Wednesday, February 15, 2017

I’m trying to figure out what to tell my International students. 
What Are Your Rights if Border Agents Want to Search Your Phone?
   American border agents have the legal authority to conduct searches at the United States border that a police officer on the street wouldn’t.  Laws created that allow agents to search bags without a judge’s approval, for purposes of immigration or security compliance, have been extended to digital devices.
   Can agents force you to unlock your phone or laptop?
No.  But they can ask you to comply voluntarily and make the experience rather uncomfortable if you resist. Travelers must decide how much trouble they’re willing to put up with.
You may end up losing your device, since agents could seize the device for weeks before it is returned.  They could also copy the data.  (That data must be destroyed “as expeditiously as possible” if it is not valuable, according to Homeland Security policy.)
   Can agents force you to turn over social media passwords?
No.  But those who unlock their phones are most likely giving agents full access to their social media accounts, even if they don’t tell them the passwords.

(Related).  “Papers, fingerprints, retina and iris scans, blood sample and full DNA workup please, Comrade Citizen.”
Biometric Checkpoints in Trump’s America
President Donald Trump’s controversial travel ban called for, among other things, the speedy completion of a “biometric entry-exit tracking system” for all travelers to the United States.
If this sounds familiar, it’s because the idea has been debated in Washington for more than a decade.  The implementation of such a system was one of the recommendations from the sprawling document known as the 9/11 Report, published 13 years ago by the National Commission on Terrorist Attacks Upon the United States.
In fact, members of Congress mandated the creation of an enhanced entry-exit database before the attacks of 2001, as part of immigration reform in 1996.  After the September 11 attacks, Congress set a 2006 deadline for the implementation the system, and specified that agencies government-wide—not just “scattered units at Homeland Security and the State Department”— should be able to access it.  When the federal government missed that deadline, Congress issued a new target for 2009.
   Keeping track of foreigners who are coming and going, the thinking goes, could prevent a terrorist attack from being carried out in the United States by non-citizens overstaying their visas.  The “large majority of jihadist terrorists in the United States,” however, have been American citizens or legal residents, according to a terrorism-tracking project by the think tank New America.  “Every jihadist who conducted a lethal attack inside the United States since 9/11 was a citizen or legal resident,” according to New America’s research.

I’m not sure I get this at all.  Is there an international body that enforces the Geneva Conventions?  Would this apply only during wars or do we need new definitions of “armed” conflict?  Did any company in any country at war ever declare itself “neutral” and refuse to contribute to the war effort?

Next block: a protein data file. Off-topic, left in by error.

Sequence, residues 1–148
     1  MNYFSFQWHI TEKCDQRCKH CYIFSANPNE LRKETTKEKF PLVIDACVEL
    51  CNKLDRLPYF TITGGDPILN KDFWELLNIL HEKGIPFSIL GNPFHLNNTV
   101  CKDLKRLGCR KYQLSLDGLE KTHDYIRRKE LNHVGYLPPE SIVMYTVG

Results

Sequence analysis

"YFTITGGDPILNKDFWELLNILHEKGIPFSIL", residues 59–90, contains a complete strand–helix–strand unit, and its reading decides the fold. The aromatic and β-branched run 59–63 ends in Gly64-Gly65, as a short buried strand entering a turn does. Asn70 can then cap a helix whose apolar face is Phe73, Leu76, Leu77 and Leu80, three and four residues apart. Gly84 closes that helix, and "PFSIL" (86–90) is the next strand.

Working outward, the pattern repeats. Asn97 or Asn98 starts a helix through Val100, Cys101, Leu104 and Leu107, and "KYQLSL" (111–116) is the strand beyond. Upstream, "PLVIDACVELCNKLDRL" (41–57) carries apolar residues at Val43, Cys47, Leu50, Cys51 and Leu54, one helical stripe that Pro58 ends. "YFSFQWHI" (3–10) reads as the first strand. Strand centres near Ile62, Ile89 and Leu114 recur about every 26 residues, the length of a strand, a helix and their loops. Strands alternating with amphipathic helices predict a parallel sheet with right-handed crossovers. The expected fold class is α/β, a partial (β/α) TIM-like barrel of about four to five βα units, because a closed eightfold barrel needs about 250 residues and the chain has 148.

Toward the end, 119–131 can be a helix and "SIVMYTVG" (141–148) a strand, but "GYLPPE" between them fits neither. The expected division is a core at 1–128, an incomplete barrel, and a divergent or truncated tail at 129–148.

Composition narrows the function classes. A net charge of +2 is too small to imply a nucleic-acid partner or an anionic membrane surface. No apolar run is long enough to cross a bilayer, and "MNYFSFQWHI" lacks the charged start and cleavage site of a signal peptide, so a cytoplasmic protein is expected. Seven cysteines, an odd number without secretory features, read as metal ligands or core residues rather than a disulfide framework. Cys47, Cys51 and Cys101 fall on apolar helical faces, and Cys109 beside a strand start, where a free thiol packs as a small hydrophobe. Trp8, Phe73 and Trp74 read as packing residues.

'Digital Geneva Convention' needed to deter nation-state hacking: Microsoft president
Microsoft President Brad Smith on Tuesday pressed the world's governments to form an international body to protect civilians from state-sponsored hacking, saying recent high-profile attacks showed a need for global norms to police government activity in cyberspace.
Countries need to develop and abide by global rules for cyber attacks similar to those established for armed conflict at the 1949 Geneva Convention that followed World War Two, Smith said.  Technology companies, he added, need to preserve trust and stability online by pledging neutrality in cyber conflict.

Interesting.  Isn’t there some old law about record retention? 
Trump staffers using app that deletes their messages: report
Trump administration staffers are reportedly communicating by using an encrypted messaging app that erases messages shortly after they have been received.
The Washington Post reported on Tuesday that officials were using the app, called Confide, to avoid being caught talking to the media, as President Trump moves to crack down on leaks.
The Post report followed a report from Axios last week that reported Confide had become a favorite app for Republican staffers.
   The reports raise questions though about the possible violation of federal records keeping laws that require certain government employees to use their official email address for communications.  [Thought so.  Bob] 
“The whole f---ing campaign was about Hillary's emails and now Trump's team is violating the Presidential Records Act by using Confide,” tweeted former Obama staffer Tommy Vietor.

Am I missing the clues?  I read this as, ‘our earlier guesses were wrong.’
New clues into how FBI cracked the iPhone
The FBI has released highly redacted contract solicitation documents it sent to companies when trying to crack the iPhone of Syed Farook, one of the shooters in the San Bernardino terrorist attack in December 2015.
   However, both Thompson and Locaria say that formatting within the documents released last week by the FBI suggests that the bureau went to a company that is not already a government contractor.  Cellebrite has been a government contractor for several years. 
   "It's odd they're redacting requirements that don't identify the contractor specifically," he said.
“There are several clauses that only require offerors to make certain representations,” such as certifying that they have an affirmative action plan in place.  “The fact they redact them may indicate that they are not in compliance with these traditional government contract requirements,” he added. 

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